Journal of Brain and Neurology

All submissions of the EM system will be redirected to Online Manuscript Submission System. Authors are requested to submit articles directly to Online Manuscript Submission System of respective journal.
Reach Us +44 7480022681

Rapid Communication - Journal of Brain and Neurology (2022) Volume 5, Issue 2

Significant role of laminar and columnary auditory cortex in avian brain.

Carter Julian*

Department of Neurological Surgery, Mount Sinai Health System, New York, NY, USA

*Corresponding Author:
Carter Julian
Department of Neurological Surgery
Mount Sinai Health System
New York, NY, USA
E-mail:[email protected]

Received:02-Mar-2022, Manuscript No. AACMT-22- 53260; Editor assigned: 04-Mar-2022, PreQC No. AACMT -22- 53260(PQ); Reviewed:18-Mar-2022, QC No. AACMT -22- 53260; Revised:21-Mar-2022, Manuscript No. AACMT-22- 53260(R); Published:28-Mar-2022, DOI:10.35841/aacmt-5.2.109

Citation: Julian C. Significant role of laminar and columnary auditory cortex in avian brain. J Brain Neurol. 2022;5(2):109

Visit for more related articles at Journal of Brain and Neurology

Abstract

Scientists and non-scientists alike have long been fascinated by the origins and evolution of the forebrain and mammalian neocortex,* which houses sophisticated cognitive capabilities. For more than a century, the neocortex was thought to be an independently formed structure that was only found in animals. The mammalian basal ganglion, which was assumed to be engaged in stereotyped instinctual responses, was frequently likened to the no mammalian telencephalon. The updated nomenclature of the avian brain recently embraced a significant change in our understanding of the nature of vertebrate brain structure. The avian Welts and dorsal ventricular ridge, two significant telencephalon components, are recognised as being analogous to palatal components of mammalian brains, which supports the theory that the avian telencephalon has a large cortical component.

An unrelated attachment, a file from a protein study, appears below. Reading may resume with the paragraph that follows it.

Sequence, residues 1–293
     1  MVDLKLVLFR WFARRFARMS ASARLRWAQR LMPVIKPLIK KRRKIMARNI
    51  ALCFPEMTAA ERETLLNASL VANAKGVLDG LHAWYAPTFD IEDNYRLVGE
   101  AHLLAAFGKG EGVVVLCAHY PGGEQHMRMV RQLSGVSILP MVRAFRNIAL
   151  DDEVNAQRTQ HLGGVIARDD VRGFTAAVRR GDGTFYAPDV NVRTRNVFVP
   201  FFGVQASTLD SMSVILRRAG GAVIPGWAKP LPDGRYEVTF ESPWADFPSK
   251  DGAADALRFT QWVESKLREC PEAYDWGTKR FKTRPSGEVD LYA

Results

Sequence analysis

Introduction

The idea that the avian dorsal ventricular ridge comprises populations of neurons and circuits that are comparable to those seen in the mammalian neocortex was first proposed in the 1960s based on parallels in neurotransmitter distribution and afferent connection patterns. The antiquity of these pathways in amniotes was demonstrated by major sensory ascending projections through the thalamus and then on the telencephalon of birds and reptiles, leading to the hypothesis that distinct nuclei of the avian and reptilian telencephalon were homologous to morphologically and physiologically corresponding laminate of the mammalian neocortex. The striking similarities in cell architecture, intratelencephalic connections, gene expression, and functions between certain nuclei in birds and comparable laminate in mammals corroborate this nucleus to lamina homology [1].

The laminar architecture and columnar organisation of the mammalian neocortex are two of its most distinguishing traits, both of which underpin the basic computational procedures needed to their theorised roles. The existence of identifiable cell types organised in six parallel laminate with discrete neuronal connections structured in radial columns characterises the mammalian neocortex. Layer IV, for example, gets a topographically arranged input from the thalamus and redistributes the information to other layers via radially arrayed intrinsic layers connections. As a result, neurons in a cylinder aligned perpendicular to layers tend to share some functional features and are thought to represent local computing units [2].